Tidying Your Social Media Profiles While Job Searching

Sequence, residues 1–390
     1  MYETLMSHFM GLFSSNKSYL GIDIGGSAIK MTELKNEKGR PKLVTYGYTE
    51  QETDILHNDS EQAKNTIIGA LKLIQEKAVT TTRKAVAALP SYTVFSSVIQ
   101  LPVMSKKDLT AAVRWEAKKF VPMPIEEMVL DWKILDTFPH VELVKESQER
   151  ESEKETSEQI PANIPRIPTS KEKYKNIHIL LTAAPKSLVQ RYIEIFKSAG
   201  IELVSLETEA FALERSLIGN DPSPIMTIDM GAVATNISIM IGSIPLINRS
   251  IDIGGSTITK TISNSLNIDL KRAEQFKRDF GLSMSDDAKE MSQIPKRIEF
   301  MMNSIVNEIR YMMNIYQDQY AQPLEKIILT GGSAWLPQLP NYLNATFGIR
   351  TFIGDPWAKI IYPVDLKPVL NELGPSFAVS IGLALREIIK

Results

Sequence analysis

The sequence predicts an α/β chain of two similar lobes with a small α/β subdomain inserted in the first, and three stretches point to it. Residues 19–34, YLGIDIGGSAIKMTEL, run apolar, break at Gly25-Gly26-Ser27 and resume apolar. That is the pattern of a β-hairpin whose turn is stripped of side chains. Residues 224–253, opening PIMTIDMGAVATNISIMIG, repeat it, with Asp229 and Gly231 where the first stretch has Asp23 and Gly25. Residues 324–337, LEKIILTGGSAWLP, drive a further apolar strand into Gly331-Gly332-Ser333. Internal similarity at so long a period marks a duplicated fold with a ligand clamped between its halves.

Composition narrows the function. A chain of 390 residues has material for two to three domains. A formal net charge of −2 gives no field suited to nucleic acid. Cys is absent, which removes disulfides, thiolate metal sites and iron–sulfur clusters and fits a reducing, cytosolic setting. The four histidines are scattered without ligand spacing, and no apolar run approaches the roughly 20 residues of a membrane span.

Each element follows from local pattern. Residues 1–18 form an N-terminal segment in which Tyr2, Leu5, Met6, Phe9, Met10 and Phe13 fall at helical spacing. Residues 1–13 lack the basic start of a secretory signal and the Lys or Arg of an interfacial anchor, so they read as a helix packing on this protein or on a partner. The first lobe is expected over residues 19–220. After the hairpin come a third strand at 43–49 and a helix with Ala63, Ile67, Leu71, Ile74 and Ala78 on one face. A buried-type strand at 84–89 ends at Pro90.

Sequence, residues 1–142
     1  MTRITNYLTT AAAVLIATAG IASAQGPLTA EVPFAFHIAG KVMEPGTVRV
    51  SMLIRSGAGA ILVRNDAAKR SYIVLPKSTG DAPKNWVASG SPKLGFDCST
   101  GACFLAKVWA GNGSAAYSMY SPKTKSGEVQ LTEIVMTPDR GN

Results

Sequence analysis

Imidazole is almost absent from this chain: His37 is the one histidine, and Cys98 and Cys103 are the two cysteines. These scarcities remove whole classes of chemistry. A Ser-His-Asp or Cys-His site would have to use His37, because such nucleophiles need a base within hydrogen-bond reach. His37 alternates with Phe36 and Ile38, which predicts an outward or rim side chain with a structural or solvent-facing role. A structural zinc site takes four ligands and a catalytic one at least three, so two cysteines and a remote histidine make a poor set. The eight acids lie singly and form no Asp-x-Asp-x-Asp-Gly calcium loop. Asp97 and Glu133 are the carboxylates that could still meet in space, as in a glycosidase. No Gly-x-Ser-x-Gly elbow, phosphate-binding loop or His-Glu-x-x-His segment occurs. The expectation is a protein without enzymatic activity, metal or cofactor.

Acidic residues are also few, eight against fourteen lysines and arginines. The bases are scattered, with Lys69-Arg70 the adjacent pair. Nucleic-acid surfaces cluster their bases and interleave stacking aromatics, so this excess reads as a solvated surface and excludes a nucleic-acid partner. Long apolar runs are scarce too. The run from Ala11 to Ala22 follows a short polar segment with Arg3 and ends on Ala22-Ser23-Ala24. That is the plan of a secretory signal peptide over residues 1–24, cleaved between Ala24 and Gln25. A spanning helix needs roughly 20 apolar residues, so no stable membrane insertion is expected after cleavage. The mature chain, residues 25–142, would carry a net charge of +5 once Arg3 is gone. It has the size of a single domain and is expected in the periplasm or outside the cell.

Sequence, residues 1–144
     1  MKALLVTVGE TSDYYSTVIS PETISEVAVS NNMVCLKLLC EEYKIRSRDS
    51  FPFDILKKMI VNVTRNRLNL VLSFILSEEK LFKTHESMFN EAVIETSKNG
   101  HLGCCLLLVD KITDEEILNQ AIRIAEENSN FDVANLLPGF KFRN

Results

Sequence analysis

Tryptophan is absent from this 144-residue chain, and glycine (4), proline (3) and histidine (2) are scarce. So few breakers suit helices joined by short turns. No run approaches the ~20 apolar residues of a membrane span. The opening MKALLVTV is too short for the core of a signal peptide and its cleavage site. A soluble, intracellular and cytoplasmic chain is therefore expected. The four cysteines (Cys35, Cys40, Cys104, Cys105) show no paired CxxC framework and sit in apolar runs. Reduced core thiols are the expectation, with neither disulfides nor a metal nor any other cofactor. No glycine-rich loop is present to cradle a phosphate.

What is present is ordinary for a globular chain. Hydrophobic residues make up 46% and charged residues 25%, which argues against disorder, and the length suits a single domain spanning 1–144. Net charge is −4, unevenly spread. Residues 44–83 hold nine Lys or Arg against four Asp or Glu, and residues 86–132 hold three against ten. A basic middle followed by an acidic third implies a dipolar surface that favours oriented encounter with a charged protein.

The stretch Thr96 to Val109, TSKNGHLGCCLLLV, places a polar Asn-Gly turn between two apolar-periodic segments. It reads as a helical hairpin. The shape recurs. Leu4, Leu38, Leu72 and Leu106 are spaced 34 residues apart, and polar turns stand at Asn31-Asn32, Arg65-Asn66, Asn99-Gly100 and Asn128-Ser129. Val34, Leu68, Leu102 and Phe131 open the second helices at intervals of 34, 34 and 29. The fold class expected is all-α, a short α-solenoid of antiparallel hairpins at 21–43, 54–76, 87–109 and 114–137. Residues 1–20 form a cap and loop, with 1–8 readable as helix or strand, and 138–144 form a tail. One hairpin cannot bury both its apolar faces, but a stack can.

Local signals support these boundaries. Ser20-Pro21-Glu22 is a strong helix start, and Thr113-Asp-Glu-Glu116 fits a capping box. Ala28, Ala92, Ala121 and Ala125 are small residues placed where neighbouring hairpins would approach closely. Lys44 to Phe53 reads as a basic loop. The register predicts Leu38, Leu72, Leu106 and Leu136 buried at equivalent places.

Put your best digital foot forward in your job search by making sure social media is an asset, not a liability.In the past decade, social media has slowly but surely blurred the line between personal life with professional life. This can be easy to forget, until you start a new job search. While you may be comfortable with your social life overlapping, you may also want to make sure you are putting your best professional foot forward with your online accounts. Here are five tips to cleaning up your profiles.Check your privacy settingsFacebook provides a range of settings to allow your profile to be completely public to totally hidden. Most people will seek something in the middle, which allows their profile to be found in their network while keeping your posts private. On Facebook’s homepage, click on “privacy check-up” to see how your posts appear to others and adjust your settings accordingly. Other accounts such as Twitter and Instagram don’t allow this range of privacy settings, but allow you to make your public accounts private.Consider secondary professional accountsSocial networks were originally created to connect with friends and family, but have since made their way to include colleagues and business associates. If you prefer to keep these worlds separate, you can create secondary social media accounts for “friendly” business associates. If you do use a professional account, fill out the profile with your work information and include a professional headshot.Scan your historyEven if you choose to keep your accounts public, it’s a good idea to scan your social media history for any posts you may have forgotten about. You can do this by searching for your name with the “+” sign and any keywords. There’s also an app for that. The service Scrubber will look up your history and flag any potential posts that you may want to delete, such as ones with profanity or politics.Use workplace social tools to communicate in the officeBecause social media is convenient, it has replaced email for some everyday forms of communication in the workplace, which creates further blurring of the lines. Fortunately, there is an alternative for those who wish to keep the convenience of social media with the workplace focus of email. Interoffice communication tools such as Slack, Basecamp, Google Drive and Facebook for Work provide the group collaboration and familiar design interface of social media, while creating a place just for work.Share for the job you wantThe adage “dress for the job you want” also applies to social media: Share for the job you want. Social media can be an asset in this regard, not a liability. Use your platforms to follow the companies you’re interested in and share their content if it’s interesting to you. To help you decide what to share, use the “So what?” test: Is this helpful? Is it entertaining? Is it something I’d be comfortable with my boss or mother seeing?” If yes, share it.This article is contributed by Right Management, www.rightmanagement.sg, the global career experts within the ManpowerGroup.